Geoffrey Blaisdell, the narrator, brings Dreiser's characters and 1870's Philadelphia setting alive in this compelling study of a maverick stock operator.
This is what "Wall Street" or "Bonfire of the Vanities" should have been.
If you're looking for insight into the world and minds of the "Masters of the Universe", you'll find that human nature is timeless, and that the American financial and legal systems, which Dreiser describes in detail, haven't changed that much.
The book opens shortly before the US Civil war and ends with the panic of 1873, when financial houses in New York and Philadelphia rose to prominence funding the Union's side of the Civil war and the subsequent railroad boom.
The books character's are strongly drawn and compelling - especially the protagonist, Frank Cowperwood, and his mistress Eileen Butler. Dreiser's prose is a thing of beauty and his eye for detail is unmatched.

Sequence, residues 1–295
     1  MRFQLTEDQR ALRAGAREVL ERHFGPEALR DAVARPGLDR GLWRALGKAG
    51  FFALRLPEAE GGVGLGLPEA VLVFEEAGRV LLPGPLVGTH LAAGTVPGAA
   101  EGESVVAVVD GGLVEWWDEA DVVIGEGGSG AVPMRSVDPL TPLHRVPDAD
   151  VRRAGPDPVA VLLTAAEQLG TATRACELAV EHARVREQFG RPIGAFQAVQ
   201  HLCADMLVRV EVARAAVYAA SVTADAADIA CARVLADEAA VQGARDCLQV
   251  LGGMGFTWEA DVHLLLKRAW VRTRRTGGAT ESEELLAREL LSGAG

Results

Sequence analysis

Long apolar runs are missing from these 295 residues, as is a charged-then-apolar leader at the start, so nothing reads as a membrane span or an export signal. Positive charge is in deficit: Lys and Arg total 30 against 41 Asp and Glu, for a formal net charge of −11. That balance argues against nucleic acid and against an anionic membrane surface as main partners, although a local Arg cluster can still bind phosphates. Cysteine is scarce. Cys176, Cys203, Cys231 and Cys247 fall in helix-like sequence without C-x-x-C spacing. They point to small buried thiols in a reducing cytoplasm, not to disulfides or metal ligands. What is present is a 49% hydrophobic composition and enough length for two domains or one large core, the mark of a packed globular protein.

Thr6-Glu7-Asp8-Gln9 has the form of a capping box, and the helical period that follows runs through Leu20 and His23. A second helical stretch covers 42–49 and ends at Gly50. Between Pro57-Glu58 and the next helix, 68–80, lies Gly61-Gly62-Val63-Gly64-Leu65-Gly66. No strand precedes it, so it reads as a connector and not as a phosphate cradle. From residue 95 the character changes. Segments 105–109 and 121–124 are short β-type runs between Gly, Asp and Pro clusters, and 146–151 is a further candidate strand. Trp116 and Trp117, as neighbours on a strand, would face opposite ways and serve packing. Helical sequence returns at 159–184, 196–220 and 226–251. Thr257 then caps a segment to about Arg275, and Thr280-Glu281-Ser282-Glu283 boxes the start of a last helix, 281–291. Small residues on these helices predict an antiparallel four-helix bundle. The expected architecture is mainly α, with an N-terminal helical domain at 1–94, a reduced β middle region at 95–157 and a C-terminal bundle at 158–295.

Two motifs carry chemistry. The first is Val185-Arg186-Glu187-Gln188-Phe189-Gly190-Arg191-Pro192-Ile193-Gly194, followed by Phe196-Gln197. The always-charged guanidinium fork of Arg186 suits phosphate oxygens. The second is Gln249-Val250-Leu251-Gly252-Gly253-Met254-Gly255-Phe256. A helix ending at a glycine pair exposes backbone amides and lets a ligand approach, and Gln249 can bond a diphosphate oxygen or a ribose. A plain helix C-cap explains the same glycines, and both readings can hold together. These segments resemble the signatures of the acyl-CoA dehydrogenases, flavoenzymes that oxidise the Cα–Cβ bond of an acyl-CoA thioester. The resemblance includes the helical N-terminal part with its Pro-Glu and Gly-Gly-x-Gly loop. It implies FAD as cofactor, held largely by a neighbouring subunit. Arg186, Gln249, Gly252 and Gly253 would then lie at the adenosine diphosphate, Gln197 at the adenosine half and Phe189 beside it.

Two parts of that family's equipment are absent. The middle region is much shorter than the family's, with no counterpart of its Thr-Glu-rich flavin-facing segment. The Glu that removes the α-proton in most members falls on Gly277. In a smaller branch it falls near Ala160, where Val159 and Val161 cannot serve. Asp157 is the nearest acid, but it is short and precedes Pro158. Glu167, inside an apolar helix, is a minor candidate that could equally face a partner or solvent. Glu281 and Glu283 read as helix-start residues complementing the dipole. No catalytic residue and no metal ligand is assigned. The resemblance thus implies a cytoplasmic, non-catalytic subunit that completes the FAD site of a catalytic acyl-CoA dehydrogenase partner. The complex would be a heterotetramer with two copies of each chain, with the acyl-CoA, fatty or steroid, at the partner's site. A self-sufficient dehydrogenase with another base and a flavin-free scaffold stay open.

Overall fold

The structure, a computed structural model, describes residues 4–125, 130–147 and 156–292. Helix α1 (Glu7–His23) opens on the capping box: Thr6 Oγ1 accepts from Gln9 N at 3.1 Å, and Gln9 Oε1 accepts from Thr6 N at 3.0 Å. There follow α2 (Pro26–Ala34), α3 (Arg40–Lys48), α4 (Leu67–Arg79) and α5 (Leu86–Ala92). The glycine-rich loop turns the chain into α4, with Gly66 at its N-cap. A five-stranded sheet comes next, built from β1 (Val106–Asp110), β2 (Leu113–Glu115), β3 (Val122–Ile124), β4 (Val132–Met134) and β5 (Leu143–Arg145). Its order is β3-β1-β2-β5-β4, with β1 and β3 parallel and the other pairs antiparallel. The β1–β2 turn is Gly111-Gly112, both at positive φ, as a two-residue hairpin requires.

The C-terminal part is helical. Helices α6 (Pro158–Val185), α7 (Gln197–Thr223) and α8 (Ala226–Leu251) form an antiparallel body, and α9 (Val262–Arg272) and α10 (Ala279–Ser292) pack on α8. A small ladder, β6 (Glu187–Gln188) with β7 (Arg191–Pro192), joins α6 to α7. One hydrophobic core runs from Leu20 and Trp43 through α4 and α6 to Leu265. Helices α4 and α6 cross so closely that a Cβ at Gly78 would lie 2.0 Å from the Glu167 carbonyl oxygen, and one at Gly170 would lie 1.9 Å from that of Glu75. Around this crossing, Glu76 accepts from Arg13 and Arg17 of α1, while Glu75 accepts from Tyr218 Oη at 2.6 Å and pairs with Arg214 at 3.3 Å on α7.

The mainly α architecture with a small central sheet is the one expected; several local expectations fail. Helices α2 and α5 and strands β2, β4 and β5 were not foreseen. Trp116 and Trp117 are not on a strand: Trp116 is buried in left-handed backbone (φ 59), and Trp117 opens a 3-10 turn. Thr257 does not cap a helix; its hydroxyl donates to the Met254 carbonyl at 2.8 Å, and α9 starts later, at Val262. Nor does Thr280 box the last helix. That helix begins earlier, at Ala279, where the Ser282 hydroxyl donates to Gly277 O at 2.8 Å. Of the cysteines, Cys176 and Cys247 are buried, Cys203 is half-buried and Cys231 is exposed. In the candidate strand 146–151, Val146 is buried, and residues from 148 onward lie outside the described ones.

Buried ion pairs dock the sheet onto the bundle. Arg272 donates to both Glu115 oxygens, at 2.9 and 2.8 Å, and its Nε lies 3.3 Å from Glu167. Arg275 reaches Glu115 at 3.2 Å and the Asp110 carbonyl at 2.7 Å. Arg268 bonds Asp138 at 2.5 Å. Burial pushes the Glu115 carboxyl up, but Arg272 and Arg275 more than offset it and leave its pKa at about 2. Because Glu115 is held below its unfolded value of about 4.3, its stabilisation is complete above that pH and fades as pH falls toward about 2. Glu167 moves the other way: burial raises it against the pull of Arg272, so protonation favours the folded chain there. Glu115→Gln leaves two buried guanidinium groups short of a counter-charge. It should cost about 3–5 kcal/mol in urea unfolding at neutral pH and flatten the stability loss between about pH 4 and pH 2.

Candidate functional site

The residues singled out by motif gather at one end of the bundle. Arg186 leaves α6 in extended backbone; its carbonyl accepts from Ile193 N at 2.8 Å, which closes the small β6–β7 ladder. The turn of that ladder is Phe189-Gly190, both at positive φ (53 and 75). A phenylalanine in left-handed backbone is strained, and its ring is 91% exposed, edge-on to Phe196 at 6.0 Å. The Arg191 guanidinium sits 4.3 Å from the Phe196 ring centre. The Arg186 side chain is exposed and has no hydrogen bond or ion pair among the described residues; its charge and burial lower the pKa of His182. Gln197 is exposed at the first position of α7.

I'm proud of Blackstone for reviving this worth book, and hope they will record all three in the series.
Tom Stechschulte, the narrator of this book, proves himself to be the best interpreter of McCarthy's prose. Reading McCarthy's texts can be difficult at times, which make his achievement all the more impressive. This book isn't for everyone -- McCarthy's bleak view of human nature has NO resolution or happy endings. But, it's an impressive work and will rank high in the canon of "Doomsday" literature.
Neither the settings or the characters had any life to them, most of the plot and devices were lifted from other works. The plotting is competent, and Scott Brick always helps any book.
I'm really surprised by the rush of rave reviews early on. Were these from people who actually liked the book, or were they placed by the author and/or his friends?
After I finished this book, I listened to James Lee Burke's latest; his three sentences describing the sunrise on the bayou in the opening crackle with life, and made me realize what I'd been missing.
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